Attack of the parasitic face-huggers


Bec Crew


Bec Crew

Bec Crew is a Sydney-based science communicator with a love for weird and wonderful animals. From strange behaviours and special adaptations to newly discovered species and the researchers who find them, her topics celebrate how alien yet relatable so many of the creatures that live amongst us can be.
By Becky Crew July 17, 2014
Reading Time: 2 Minutes Print this page
There’s a little something eating your face: scientists would love to warn fish shackled with ‘face-huggers’.

THE BRIDLED MONOCLE BREAM is a little reef fish found off the coast of Western Australia and in the northern Great Barrier Reef. Named for the beautiful bright yellow stripes that run along its dark grey back, this fish has found itself in the rather uncomfortable position of being the preferred host of a parasite called Anilocra nemipteri.

These crustaceans hook onto the scales of their hosts just above their eyes and feed off the nutrients they chew out of their faces. Relatives of the infamous ‘tongue biting’ isopod, they’ve been given a pretty apt nickname by blogger Tommy Leung over at Parasite of the Day: ‘face-huggers’.

And these sizeable horrors – they can grow up to 23mm long – are by no means rare. In some parts of the Great Barrier Reef, up to 30 per cent of bridled monocle breams are afflicted.

The Anilocra nemipteri parasite will often remain attached to its host’s face for several years, so a couple of years ago PhD candidates Sandra Binning and Dominique Roche from the Australian National University set out to determine exactly what damage they were doing during this time.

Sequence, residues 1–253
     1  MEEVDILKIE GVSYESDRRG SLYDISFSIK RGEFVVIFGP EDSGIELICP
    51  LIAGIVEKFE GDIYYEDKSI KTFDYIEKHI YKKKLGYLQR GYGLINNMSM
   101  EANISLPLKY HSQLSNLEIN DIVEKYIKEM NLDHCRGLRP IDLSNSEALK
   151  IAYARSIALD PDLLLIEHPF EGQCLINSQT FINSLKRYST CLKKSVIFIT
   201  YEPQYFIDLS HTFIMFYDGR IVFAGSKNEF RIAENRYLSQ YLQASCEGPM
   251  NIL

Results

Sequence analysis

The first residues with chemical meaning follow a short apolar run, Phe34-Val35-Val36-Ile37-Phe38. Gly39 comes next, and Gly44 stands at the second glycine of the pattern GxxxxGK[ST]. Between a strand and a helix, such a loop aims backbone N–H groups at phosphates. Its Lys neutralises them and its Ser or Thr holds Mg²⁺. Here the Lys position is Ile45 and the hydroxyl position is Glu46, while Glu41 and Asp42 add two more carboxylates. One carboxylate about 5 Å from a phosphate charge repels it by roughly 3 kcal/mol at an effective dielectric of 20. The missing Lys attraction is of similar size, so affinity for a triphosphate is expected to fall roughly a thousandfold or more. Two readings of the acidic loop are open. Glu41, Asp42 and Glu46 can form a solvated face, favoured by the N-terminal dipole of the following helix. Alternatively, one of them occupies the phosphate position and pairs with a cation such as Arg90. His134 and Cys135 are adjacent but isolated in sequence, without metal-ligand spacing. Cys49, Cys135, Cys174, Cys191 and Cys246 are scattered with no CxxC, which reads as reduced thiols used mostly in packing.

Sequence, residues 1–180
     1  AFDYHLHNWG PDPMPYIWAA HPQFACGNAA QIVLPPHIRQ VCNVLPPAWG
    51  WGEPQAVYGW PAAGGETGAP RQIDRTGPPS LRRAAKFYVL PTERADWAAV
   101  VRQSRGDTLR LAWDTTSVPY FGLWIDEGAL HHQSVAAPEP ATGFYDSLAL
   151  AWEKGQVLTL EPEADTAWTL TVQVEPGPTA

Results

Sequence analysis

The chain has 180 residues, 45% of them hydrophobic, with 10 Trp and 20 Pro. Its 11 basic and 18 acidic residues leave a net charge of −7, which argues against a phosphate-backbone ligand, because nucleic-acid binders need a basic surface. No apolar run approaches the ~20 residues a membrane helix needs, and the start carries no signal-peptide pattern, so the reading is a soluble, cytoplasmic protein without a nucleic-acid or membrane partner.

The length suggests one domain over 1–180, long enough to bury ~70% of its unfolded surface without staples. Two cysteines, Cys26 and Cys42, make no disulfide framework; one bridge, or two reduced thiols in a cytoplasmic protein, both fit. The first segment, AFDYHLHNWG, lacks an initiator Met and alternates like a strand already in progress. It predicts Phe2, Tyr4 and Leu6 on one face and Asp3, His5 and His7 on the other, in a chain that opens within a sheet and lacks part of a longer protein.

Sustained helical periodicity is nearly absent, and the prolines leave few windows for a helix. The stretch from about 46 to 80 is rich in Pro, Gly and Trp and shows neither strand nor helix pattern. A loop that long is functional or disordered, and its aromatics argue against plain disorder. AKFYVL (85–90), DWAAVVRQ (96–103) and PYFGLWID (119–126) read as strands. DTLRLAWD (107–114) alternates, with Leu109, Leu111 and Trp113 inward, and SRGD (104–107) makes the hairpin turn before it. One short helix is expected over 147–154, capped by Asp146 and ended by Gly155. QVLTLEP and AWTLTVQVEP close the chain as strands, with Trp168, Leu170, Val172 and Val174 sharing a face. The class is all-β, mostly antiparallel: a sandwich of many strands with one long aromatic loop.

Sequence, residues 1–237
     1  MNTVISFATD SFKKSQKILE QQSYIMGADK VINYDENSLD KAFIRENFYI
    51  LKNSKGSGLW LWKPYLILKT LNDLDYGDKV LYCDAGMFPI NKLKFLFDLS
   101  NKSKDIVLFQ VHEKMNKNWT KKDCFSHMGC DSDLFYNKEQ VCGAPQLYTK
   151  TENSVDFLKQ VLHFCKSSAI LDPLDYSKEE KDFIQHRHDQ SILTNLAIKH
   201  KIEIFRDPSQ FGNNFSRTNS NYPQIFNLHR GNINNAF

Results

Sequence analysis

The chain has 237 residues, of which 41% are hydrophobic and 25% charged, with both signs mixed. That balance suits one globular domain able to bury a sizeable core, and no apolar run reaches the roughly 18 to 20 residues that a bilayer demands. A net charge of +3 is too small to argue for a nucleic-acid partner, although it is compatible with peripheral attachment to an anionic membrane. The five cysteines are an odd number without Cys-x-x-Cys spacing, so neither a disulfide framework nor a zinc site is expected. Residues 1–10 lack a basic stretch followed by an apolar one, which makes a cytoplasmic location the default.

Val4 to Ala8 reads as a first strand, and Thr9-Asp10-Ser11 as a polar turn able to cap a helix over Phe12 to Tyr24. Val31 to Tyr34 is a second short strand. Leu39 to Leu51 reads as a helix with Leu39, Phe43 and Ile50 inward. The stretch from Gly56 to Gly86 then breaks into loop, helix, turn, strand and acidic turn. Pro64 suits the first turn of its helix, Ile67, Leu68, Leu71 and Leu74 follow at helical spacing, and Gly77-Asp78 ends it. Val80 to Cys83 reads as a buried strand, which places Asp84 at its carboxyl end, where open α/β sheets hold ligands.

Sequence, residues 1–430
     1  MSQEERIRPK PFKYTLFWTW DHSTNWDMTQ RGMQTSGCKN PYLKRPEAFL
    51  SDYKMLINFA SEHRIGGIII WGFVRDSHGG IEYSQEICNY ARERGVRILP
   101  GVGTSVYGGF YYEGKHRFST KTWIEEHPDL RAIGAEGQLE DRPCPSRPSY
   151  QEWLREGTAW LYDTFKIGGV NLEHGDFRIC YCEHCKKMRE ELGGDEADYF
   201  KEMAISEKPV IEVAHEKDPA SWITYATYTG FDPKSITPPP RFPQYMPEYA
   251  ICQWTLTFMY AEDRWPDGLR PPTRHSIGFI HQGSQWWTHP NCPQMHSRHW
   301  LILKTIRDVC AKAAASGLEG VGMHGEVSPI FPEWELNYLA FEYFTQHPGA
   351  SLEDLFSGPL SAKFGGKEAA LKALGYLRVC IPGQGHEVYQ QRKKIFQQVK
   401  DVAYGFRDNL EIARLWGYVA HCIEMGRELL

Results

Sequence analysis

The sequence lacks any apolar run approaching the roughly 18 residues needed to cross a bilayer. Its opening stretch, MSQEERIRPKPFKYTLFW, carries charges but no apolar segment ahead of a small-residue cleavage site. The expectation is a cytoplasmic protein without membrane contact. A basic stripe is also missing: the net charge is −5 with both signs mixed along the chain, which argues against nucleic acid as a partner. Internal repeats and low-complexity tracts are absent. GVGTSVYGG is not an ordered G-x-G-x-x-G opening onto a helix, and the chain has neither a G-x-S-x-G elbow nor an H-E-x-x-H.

Testing the effects of living with a face-hugger 

They attached plastic parasites to bream in their lab and set them up in little ‘fish treadmills’ to see how they moved. Devices were attached to determine how much oxygen was being consumed by their artificially parasitised subjects.

“Oxygen consumption is a proxy for energy consumption: if a fish consumes more oxygen, it is burning more fuel and will need to eat more,” Binning says. “For fish, eating more means you may be more exposed to predation and have less time for other important activities, such as attracting mates.”

The pair reported that not only did the parasites create drag for the fish when it swam on the treadmills, causing it to consume more oxygen and therefore energy, but if a host was lucky enough to finally escape its clutches, it would be left with a gaping, deep wound in its face. They also found that in the wild these parasites severely stunted the growth of their hosts, foiled their reproductive efforts and would often kill their hosts if they remained attached for too long.

All of which sounds pretty rough, but it’s still preferable to being the victim of a tongue biter. At least the face-hugger doesn’t, you know, chow down on the bream’s tongue, eat the whole thing and then attach itself to the tongue-stump so it can feed off the morsels of food the fish puts into its mouth. At least the face-hugger doesn’t do that.